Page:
Meta has threatened to ban news organisations from the social network should the U.S. Congress succeed in passing the Journalism bill.
Meta has asserted that, publishers and broadcasters are the ones that profit from distributing their content on the platform.
“If Congress passes an ill-considered journalism bill as part of national security legislation, we will be forced to consider removing news from our platform altogether,” tweeted a statement by Meta’s spokesperson, Andy Stone.
The statement came in response to a new plan to pass the journalism bill that will enable news organisations to benefit from posting their content on Facebook.
Meta said it would rather remove news links from Facebook than “submit to government-mandated negotiations that unfairly disregard any value we provide to news outlets through increased traffic and subscriptions.”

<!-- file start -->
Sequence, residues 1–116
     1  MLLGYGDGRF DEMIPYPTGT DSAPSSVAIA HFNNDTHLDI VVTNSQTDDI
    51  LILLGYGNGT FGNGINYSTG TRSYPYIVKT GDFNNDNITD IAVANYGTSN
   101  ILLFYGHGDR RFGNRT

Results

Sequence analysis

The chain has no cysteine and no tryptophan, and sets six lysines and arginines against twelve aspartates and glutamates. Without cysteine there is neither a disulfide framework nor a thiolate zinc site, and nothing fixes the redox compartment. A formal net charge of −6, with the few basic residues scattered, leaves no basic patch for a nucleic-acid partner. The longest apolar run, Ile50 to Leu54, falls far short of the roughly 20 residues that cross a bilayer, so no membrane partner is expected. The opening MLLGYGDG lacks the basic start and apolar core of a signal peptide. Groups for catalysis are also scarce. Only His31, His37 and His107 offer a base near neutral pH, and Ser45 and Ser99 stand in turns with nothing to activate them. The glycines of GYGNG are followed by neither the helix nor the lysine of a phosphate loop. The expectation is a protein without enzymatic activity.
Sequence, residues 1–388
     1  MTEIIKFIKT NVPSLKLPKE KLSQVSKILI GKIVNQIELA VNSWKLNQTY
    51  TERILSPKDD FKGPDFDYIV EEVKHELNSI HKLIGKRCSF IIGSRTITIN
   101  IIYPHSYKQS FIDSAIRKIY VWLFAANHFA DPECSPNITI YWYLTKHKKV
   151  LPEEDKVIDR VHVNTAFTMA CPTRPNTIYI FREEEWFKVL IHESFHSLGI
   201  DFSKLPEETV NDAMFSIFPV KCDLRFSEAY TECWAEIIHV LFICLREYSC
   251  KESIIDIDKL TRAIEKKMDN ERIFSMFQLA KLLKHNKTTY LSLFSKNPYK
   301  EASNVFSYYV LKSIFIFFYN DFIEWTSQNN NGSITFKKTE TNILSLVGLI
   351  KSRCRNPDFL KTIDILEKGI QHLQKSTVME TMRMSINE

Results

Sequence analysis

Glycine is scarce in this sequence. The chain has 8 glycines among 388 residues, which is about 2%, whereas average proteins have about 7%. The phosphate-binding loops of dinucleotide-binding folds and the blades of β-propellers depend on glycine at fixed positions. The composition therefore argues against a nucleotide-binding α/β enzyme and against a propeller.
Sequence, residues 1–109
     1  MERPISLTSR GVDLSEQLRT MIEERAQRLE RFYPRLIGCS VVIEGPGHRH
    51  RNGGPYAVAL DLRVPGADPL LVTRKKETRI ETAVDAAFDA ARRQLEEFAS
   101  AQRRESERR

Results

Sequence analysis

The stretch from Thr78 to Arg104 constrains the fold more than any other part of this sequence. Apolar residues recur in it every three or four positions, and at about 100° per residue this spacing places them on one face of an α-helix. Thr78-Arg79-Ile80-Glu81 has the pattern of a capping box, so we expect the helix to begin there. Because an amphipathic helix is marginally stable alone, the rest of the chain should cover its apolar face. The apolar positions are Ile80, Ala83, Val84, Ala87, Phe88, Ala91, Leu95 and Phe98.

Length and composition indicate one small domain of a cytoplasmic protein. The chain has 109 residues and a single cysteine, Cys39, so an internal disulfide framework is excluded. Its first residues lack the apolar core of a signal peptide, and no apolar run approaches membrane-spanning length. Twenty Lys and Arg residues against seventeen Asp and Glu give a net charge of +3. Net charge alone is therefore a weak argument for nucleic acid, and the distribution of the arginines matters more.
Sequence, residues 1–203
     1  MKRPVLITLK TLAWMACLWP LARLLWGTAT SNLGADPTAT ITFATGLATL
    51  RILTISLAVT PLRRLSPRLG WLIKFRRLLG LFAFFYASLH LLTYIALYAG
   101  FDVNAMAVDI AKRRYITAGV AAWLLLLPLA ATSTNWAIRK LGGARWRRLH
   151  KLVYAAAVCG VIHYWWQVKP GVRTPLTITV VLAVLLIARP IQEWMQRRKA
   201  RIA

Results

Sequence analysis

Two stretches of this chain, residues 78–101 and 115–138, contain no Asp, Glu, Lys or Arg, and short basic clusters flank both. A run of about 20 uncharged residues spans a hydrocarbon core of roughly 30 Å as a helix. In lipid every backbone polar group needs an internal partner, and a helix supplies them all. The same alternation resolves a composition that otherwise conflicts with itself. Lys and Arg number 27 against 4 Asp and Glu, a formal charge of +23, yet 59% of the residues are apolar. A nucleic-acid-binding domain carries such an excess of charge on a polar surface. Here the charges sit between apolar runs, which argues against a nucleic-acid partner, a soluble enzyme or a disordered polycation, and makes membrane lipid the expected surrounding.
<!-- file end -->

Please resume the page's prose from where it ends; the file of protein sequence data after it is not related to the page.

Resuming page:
The statement claimed that publishers and broadcasters were the ones making money from the distribution of their content on Facebook, emphasising that it was “not the other way around,” a claim that suggested it was not a win-win situation for the social network.
Meta noted that “no company should be forced to pay for content users don’t want to see, and that’s not a meaningful source of revenue.”
Meanwhile, a regulation requiring technology companies like Google and Facebook to compensate news organisations for their news content to show on their feeds is also being considered in New Zealand.
“It is critical that those benefiting from their news content actually pay for it,” said New Zealand’s Minister of Broadcasting, Willie Jackson. “New Zealand news media, particularly small regional and community newspapers, are struggling to remain financially viable as more advertising moves online.”